March 13, 2019 4 min read

Recycling. Reducing. Reusing. Upcycling. You name it – it’s like taking trip to buzzword city when some of these terms get thrown around, but even though recycling is more common now than it used to be, it’s still not as incorporated into our normal lives as it could be. So if you’re not yet on the recycling train and maybe not sure how to recycle, this will help you get rolling, and even if you are recycling, hopefully you can improve your game with some of these techniques and items.

I’ve been recycling since I was a kid back in the 90s. It was just something my parents did, so we did it and it seemed normal. We were always sorting stuff into bags (mostly empty dog and cat food bags – talk about reusing!) and taking it into town to the recycling bins. I’ve always been one to throw paper in the paper bin, separate the plastic bottle and toss it in it’s special spot, whatever — and it perplexes me when people don’t take these same basic simple steps, because it’s not that hard.


So how to recycle, you ask? You’ve got these bottles, cans, junk mail, cereal boxes – where can it all go? Can it all be recycled? The answer is mostly yes, but check first. Here’s a quick rundown of the most basic household items: 

  • Paper Items
    • Junk Mail, envelopes, any paper
      • Recycle it!
    • Cereal boxes and similar packaging (called paperboard)
      • Recycle it!
    • Corrugated cardboard boxes
      • Recycle it!
    • Waxy paper or cartons (like a cardboard milk carton)
      • Check first before offering for recycling
  • Plastic Items – review the number system below!
    • Most drink containers
      • Recycle it!
  • Any plastic container
    • Check first before offering for recycling
  •  Metals
    • Soup and similar cans
      • Recycle it! But also check first to be sure it’s accepted
  •  Drink cans (aluminum)
    • Recycle it! Or if you have lots and lots, sell for scrap!

 We’ll review items that don’t fit into these nice categories (like batteries, light bulbs, etc.) in another post, but if you want more information on them, search for you local solid waste district to see what recycling and disposal services are offered in your area.


So we all know that we should be looking at the numbers on plastics, right? *sound of crickets chirping* Well…the important thing is just to make sure that the numbers on your items match what’s available to be taken at your location. For example, most drop off bins will say something like “Accepting Plastics #1 – #5” or something similar; you would just want to make sure you were taking those plastics, and keeping others separate (and hopefully finding a recycling solution for them as well).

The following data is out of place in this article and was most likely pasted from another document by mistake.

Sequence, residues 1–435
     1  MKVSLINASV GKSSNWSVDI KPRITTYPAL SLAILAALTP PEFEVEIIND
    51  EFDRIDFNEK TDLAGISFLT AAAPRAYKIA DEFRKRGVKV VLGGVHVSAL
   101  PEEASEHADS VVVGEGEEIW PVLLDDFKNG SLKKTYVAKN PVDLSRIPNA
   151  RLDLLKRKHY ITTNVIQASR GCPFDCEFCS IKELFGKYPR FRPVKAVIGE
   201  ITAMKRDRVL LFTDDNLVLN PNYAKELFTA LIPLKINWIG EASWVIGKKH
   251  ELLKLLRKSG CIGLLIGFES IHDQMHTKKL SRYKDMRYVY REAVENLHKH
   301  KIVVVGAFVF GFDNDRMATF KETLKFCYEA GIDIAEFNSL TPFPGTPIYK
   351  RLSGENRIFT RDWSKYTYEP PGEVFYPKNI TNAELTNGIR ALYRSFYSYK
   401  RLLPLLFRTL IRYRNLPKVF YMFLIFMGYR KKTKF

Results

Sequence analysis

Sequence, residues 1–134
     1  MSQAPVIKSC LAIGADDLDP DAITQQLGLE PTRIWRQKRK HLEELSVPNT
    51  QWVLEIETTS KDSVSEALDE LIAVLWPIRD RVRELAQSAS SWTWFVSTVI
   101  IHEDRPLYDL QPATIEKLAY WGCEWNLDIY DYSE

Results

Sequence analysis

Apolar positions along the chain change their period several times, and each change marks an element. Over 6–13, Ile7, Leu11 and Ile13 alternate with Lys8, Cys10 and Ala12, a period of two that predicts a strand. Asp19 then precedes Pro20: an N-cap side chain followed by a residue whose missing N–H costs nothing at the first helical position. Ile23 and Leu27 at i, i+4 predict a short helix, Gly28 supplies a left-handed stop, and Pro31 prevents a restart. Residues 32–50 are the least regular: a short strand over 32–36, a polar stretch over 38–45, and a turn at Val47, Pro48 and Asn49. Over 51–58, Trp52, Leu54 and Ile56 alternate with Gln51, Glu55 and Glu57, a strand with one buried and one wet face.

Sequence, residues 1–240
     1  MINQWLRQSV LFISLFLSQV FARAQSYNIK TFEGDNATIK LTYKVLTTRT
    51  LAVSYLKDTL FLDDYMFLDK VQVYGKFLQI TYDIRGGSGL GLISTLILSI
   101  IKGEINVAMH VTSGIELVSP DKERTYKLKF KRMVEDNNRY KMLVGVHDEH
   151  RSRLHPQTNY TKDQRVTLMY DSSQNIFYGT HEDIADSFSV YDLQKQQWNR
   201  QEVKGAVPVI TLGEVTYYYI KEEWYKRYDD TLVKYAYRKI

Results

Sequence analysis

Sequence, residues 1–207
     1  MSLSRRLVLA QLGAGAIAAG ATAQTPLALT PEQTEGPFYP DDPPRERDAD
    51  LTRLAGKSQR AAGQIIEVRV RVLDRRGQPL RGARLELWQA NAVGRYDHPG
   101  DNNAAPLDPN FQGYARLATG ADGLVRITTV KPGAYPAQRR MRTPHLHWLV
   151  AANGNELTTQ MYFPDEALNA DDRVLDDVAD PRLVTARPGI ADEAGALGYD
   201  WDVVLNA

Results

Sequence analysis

Pro tip: if they offer curbside recycling pickup in your area, DO IT! Like, as soon as you finish reading this, search for how to sign up and get it done! Curbside programs have been shown to be the most successful at getting people to participate in recycling because it’s the easiest (duh!). If you’re seeing big plastic boxes or totes or bins at the ends of driveways in your neighborhood and you don’t have them, contact your municipality or refuse company and get on the program. Even if it costs a few dollars a month, you’ll save the time and convenience and feel good about yourself.


Ready for some sweet recycling action? Let’s use this breakdown and figure out how to recycle best for your house:

1. Do I have curbside available?
      • If yes – DO IT! And figure out the accepted types of recyclables
      • If no – move to Question #2
    2. Do I have recycling bins nearby?
        • If yes – AWESOME! Check them out and see what materials they accept (it should be listed on the side of the bins) and figure out how to store and sort (if needed) the items in your house.
        • If no – hmmmm. This is less than optimal. Are there some on your way to work? Or the gym or grocery store or anywhere else you go on a regular basis? I used to use a drop on the way to work, so it may take a little searching, but hopefully you have access to bins somewhere.
        • If you really don’t have access to bins anywhere – Booo. But use this as a sign to call your local solid waste district (everyone has one – search for “ *your county* solid waste district”) and ask when and where they’ll have local recycling available.

      Some of the links will be affiliate links, which means if you use that link to make a purchase, I get a small commission. The commission comes at no extra cost to you, and it helps support my family and our quest to be as sustainable as possible. I only recommend products based on my own experiences and/or opinions. Please only buy products you feel can be helpful to you and your family.


      So depending on what system is available to you, you’ll have to hold the recyclables until you either set them out for pick up or take them to the bins. If you have curbside pick up, typically the provider will give you one of those awesome boxes and you can just keep your stuff in those. Here’s some lookalike bins if you want to get the same feel but don’t have curbside available. 

      Now if you have to sort and take the items to the bins yourself, here’s a few things you can use. At our house we only have to sort two ways (paper and bottles/plastics) so we use a couple of barrels with lids like these.

      If you like to do more sorting, you can break it down into these nice stack-able bins. 

      Finally, if you want to go full boss mode for recycling, pull out all the stops and get the big boy bin!

      What’s your recycling plan? Plus, are you interested in recycling your food scraps, aka composting? Leave a comment and tell me how you get your items to recycling, and enter your email for more sweet sustainable info like this. Thanks for reading!